Woody Harrelson: I would definitely say Larry Flynt, probably Natural Born Killers. I did one that nobody saw called The Hi–Lo Country, but you can’t even get that on DVD. So that’s a hard one to see. But it’s Stephen Frears, with Billy Crudup and Patricia Arquette. And it was actually Penelope Cruz’s first American movie. That one was great.
I like this movie The Prizewinner of Defiance, Ohio, I thought was fantastic. But that again was a movie nobody saw. Turn’s out it’s my mom’s favorite. That’s the one she sends to people.
And I’d definitely put The Messenger up there. It’s certainly one of my favorite movies — probably my favorite — that I’ve been a part of. Another one coming out after this called Defendor, I’m quite proud of. You lose track after a while. Maybe White Men Can’t Jump, too.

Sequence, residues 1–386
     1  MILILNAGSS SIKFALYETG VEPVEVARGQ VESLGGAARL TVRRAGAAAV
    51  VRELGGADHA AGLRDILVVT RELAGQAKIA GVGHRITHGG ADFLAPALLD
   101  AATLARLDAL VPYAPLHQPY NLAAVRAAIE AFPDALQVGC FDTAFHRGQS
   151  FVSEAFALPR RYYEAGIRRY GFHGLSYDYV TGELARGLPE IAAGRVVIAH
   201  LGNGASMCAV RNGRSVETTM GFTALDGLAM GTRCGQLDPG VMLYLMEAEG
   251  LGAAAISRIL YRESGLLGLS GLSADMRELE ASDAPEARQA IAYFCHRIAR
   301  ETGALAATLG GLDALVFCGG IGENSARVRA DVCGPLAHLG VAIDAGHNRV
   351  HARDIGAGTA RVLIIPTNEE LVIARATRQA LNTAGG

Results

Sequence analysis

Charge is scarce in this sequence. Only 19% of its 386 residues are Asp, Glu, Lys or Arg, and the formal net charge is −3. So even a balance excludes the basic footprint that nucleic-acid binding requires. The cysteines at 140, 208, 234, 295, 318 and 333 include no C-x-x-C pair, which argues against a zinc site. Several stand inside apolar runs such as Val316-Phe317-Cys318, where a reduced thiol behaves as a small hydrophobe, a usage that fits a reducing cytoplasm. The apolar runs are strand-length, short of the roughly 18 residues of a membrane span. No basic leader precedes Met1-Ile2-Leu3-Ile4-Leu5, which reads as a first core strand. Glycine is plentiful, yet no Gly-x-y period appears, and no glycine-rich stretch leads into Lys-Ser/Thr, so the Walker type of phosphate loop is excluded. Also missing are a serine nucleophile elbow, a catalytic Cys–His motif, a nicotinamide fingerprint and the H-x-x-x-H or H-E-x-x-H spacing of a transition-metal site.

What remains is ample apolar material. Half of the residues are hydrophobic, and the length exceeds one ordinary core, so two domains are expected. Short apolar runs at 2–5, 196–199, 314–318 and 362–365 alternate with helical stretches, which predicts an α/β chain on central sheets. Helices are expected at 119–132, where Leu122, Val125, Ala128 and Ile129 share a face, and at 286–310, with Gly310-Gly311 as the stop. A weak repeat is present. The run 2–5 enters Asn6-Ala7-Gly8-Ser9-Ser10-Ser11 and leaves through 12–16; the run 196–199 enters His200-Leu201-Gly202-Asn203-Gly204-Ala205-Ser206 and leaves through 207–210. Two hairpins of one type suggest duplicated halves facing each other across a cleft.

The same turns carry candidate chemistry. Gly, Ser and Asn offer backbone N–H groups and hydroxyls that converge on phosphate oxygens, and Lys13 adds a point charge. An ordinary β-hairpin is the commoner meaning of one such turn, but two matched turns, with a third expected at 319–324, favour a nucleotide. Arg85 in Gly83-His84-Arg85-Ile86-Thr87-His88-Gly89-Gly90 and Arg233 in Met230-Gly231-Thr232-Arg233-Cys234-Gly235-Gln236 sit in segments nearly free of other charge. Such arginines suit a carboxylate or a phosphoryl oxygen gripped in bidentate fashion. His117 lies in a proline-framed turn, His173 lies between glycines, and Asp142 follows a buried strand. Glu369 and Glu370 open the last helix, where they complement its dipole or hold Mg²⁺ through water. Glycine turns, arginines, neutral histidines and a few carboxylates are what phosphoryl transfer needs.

Next month, you’ll be onscreen in the big “end of the world” drama 2012. Tell me about it.
Woody Harrelson: It’s (director) Roland Emmerich doing what he does best. I’d say it’s his best film; to me it’s a more complete film, especially in terms of the story really working, and you really care about the characters.
It is a mind–blowing visual spectacle. You can’t even believe what you’re seeing. You know, some directors — the Michael Bays and some of these guys — are capable of doing some amazing things visually, but this one, I don’t think I’ve ever seen anything close to it. It is a mind–numbing, mind–blowing experience to watch it. cs
Savannah Film Festival
The Messenger screening
Where: Trustees Theater, 216 E. Broughton St.
When: 7:30 p.m. Saturday, Oct. 31
Tickets: $5–$10, at (912) 525–5050
Woody Harrelson and Ben Foster Tribute accompanies the screening.